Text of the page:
By a stroke of luck, IFSSA also had clients with advanced sewing skills, including two women who ran a clothing factory in Syria, where they trained other women to work for them. It was an ideal situation.
“We had women asking to learn skills and women who had the skills and could teach the skills,” Mustafa explains.
Business skills to overcome barriers
For the business side of the course, Mustafa consulted with then-IFSSA board member Hussam Tungekar, who works for Futurpreneur Canada — a national not-for-profit focused on youth entrepreneurship support — which became a project partner.
Tungekar, the organization’s Alberta team lead, helped shape the business curriculum, taught sessions and offered his expertise to students.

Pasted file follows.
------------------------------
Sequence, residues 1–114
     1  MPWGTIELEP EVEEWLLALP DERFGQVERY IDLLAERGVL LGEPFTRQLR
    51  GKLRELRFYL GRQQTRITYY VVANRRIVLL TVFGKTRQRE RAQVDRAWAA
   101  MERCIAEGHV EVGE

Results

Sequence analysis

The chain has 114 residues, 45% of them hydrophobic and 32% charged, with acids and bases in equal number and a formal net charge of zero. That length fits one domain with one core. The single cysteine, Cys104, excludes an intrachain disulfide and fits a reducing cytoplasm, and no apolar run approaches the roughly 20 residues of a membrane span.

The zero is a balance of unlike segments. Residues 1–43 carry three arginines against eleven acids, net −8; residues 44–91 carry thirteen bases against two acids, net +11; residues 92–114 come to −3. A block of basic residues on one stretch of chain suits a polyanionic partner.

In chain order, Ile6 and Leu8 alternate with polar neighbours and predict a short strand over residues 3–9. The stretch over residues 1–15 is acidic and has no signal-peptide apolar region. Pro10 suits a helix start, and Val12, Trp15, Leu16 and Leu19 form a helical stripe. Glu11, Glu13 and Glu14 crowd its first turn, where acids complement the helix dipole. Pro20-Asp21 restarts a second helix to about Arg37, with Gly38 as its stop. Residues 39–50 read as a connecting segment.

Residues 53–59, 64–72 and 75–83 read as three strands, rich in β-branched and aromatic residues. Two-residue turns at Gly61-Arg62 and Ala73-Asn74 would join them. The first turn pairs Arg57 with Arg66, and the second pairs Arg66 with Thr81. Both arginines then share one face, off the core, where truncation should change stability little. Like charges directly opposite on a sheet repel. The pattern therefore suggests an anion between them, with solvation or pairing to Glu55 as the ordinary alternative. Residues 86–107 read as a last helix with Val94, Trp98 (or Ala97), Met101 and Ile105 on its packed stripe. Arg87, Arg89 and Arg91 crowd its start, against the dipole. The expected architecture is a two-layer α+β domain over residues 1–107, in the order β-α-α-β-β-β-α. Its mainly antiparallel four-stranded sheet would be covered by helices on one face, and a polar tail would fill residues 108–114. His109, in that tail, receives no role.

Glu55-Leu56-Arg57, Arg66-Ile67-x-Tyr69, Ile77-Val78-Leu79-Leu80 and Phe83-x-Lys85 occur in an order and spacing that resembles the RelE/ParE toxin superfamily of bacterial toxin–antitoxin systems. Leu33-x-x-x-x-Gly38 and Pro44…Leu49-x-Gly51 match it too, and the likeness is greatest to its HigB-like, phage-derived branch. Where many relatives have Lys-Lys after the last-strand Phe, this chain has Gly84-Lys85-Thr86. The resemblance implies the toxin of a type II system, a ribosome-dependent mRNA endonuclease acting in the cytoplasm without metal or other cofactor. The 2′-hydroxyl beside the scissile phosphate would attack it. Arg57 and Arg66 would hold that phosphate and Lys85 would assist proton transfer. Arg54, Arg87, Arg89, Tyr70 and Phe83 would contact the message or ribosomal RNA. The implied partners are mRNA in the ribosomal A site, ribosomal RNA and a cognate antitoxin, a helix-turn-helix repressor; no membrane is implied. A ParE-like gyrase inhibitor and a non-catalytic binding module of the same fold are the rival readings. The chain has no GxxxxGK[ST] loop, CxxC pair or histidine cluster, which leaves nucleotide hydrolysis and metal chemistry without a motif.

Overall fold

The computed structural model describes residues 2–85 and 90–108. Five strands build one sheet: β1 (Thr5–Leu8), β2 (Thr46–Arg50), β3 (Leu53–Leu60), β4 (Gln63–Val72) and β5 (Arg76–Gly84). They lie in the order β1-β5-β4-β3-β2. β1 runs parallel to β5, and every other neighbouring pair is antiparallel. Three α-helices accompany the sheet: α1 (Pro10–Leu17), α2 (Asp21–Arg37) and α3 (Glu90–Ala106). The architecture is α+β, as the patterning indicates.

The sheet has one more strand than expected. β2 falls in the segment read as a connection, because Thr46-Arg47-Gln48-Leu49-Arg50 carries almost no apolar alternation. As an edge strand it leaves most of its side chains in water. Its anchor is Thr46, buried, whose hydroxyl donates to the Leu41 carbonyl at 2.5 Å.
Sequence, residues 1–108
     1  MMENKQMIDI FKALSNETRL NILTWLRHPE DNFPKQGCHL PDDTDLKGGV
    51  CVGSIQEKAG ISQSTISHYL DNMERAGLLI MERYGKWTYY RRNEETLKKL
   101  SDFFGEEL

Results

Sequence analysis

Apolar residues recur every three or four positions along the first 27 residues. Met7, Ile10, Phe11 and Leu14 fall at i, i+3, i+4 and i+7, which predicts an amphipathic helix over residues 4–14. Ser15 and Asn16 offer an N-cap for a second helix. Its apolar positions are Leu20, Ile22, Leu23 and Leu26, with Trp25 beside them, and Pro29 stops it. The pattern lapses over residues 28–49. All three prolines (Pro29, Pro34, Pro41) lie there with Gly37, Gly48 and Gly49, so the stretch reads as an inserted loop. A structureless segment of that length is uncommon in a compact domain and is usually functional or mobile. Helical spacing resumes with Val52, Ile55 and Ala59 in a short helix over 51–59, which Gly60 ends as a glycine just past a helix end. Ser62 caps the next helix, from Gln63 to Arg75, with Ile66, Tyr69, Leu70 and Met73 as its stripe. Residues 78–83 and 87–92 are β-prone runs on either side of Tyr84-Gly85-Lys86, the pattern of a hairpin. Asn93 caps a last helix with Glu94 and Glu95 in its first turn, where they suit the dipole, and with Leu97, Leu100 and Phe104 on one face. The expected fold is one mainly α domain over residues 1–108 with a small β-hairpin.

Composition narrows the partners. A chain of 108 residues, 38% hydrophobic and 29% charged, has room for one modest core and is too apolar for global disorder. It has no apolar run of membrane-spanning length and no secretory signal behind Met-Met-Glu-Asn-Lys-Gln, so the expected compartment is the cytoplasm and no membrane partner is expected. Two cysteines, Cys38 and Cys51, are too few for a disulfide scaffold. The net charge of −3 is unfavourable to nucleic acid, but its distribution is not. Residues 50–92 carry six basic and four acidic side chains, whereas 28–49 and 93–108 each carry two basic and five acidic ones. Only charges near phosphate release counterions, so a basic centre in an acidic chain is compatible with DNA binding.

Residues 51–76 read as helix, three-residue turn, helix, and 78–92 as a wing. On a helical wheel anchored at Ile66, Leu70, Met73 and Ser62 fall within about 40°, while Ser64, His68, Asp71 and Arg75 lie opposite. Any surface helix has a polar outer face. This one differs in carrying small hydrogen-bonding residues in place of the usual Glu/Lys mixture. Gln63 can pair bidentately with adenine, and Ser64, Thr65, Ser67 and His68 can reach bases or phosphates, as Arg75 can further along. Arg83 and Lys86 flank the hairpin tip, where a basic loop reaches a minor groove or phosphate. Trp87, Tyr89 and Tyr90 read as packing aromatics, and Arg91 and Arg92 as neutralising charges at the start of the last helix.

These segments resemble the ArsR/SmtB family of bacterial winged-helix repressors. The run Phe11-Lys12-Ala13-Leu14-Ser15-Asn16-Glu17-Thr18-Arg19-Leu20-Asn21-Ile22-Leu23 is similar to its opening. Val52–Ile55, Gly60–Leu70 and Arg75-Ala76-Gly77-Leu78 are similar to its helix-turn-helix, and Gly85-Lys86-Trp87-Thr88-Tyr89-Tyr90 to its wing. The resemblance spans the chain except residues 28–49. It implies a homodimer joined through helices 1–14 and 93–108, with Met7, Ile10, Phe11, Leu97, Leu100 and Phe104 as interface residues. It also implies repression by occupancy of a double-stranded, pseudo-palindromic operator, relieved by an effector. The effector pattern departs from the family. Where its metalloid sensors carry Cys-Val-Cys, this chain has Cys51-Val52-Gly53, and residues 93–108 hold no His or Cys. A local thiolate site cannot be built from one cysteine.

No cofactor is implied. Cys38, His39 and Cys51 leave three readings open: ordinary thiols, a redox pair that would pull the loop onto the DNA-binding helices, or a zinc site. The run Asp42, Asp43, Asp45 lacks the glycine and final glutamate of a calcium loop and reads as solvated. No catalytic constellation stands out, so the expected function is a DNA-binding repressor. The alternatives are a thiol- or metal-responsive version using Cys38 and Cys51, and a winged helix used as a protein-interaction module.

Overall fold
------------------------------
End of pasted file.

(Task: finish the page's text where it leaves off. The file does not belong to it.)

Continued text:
“I’m a strong believer in empowerment, specifically economic empowerment, as a way for people to become self-reliant and create a second life,” he says. “I’m also an immigrant and saw my parents struggle when they came to Canada.”
Tungekar believes entrepreneurship can help refugees overcome barriers to economic independence and full participation in society. However, the business world has lacked resources geared toward refugee women, who face unique barriers.
In fact, Global Stitches was designed to reduce as many barriers to participation as possible. Each student is provided with complimentary bus tickets and childcare is available for those with young children. Sessions are held at Eastwood School in north Edmonton, where many refugees already go for English-language classes.
The facility is operated by the Edmonton Mennonite Centre for Newcomers (EMCN), a project partner that has been donating space for the program.